The Negro revolution is controlled by foxy white liberals, by the Government itself. But the Black Revolution is controlled only by God.

The White man pays Reverend Martin Luther King so that Martin Luther King can keep the Negro defenseless.

They know that as long as they keep us undereducated, or with an inferior education, it?s impossible for us to compete with them for job openings. And as long as we can?t compete with them and get a decent job, we?re trapped. We are low-wage earners. We have to live in a run-down neighborhood, which means our children go to inferior schools. They get inferior education. And when they grow up, they fall right into the same cycle again. This is the American way. This is the American democracy that she tries to sell to the whole world as being that which will solve the problems of other people too.

Today this country can become involved in a revolution that won't take bloodshed. All she's got to do is give the black man in this country everything that's due him, everything.

We need to expand the civil-rights struggle to a higher level?to the level of human rights. Whenever you are in a civil-rights struggle, whether you know it or not, you are confining yourself to the jurisdiction of Uncle Sam. No one from the outside world can speak out in your behalf as long as your struggle is a civil-rights struggle. Civil rights comes within the domestic affairs of this country. All of our African brothers and our Asian brothers and our Latin-American brothers cannot open their mouths and interfere in the domestic affairs of the United States. And as long as it?s civil rights, this comes under the jurisdiction of Uncle Sam. But the United Nations has what?s known as the charter of human rights; it has a committee that deals in human rights. You may wonder why all of the atrocities that have been committed in Africa and in Hungary and in Asia, and in Latin America are brought before the UN, and the Negro problem is never brought before the UN. This is part of the conspiracy. This old, tricky blue eyed liberal who is supposed to be your and my friend, supposed to be in our corner, supposed to be subsidizing our struggle, and supposed to be acting in the capacity of an adviser, never tells you anything about human rights. They keep you wrapped up in civil rights. And you spend so much time barking up the civil-rights tree, you don?t even know there?s a human-rights tree on the same floor.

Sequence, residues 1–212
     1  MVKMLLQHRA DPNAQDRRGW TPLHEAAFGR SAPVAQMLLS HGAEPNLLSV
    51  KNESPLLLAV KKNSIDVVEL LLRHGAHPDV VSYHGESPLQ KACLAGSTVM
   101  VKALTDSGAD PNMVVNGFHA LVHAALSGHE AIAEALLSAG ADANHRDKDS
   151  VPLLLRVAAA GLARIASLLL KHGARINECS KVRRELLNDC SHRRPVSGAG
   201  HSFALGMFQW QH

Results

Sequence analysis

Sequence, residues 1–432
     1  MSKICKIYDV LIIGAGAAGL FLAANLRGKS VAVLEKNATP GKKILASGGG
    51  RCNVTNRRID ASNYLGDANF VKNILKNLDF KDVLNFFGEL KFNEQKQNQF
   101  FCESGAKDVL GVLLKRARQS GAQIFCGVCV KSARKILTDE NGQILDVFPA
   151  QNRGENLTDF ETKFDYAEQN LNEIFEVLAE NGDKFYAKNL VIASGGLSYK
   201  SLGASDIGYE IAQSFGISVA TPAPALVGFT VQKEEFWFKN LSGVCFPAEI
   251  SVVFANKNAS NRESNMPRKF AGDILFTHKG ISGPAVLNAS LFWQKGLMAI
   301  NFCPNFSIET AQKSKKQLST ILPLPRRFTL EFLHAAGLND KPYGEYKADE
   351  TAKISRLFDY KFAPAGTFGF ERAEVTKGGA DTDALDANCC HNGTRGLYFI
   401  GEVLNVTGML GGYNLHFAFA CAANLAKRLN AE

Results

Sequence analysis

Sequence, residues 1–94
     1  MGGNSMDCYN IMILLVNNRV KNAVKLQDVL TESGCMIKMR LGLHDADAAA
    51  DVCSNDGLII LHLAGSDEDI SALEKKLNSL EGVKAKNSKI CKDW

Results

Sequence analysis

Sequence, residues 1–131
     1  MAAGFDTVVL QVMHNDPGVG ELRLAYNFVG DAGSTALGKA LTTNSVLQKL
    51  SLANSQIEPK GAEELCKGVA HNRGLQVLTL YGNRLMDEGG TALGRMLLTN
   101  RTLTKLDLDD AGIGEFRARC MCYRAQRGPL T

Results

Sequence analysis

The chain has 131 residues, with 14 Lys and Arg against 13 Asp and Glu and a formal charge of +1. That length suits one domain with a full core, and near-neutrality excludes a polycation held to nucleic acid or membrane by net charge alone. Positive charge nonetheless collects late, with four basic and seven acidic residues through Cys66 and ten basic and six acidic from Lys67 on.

When you take your case to Washington, D.C., you?re taking it to the criminal who?s responsible; it?s like running from the wolf to the fox. They?re all in cahoots together. They all work political chicanery and make you look like a chump before the eyes of the world. Here you are walking around in America, getting ready to be drafted and sent abroad, like a tin soldier, and when you get over there, people ask you what are you fighting for, and you have to stick your tongue in your cheek. No, take Uncle Sam to court, take him before the world.

You can't hate the roots of a tree and not hate the tree.

A wise man can play the part of a clown, but a clown can't play the part of a wise man.

And in the racial climate of this country today, it is anybody?s guess which of the ?extremes? in approach to the black man?s problems might personally meet a fatal catastrophe first ? ?non-violent? Dr. King, or so-called ?violent? me.

Birth must be reviewed. All of our experiences fuse into our personality. Everything that ever happened to us is an ingredient.

Don't condemn if you see a person has a dirty glass of water, just show them the clean glass of water that you have. When they inspect it, you won't have to say that yours is better.

I am for violence if non-violence means we continue postponing a solution to the American black man's problem just to avoid violence.

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X, born Malcolm Little, Muslim name El-Hajj Malik El-Shabazz
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African-American Muslim Minister, Human Rights Activist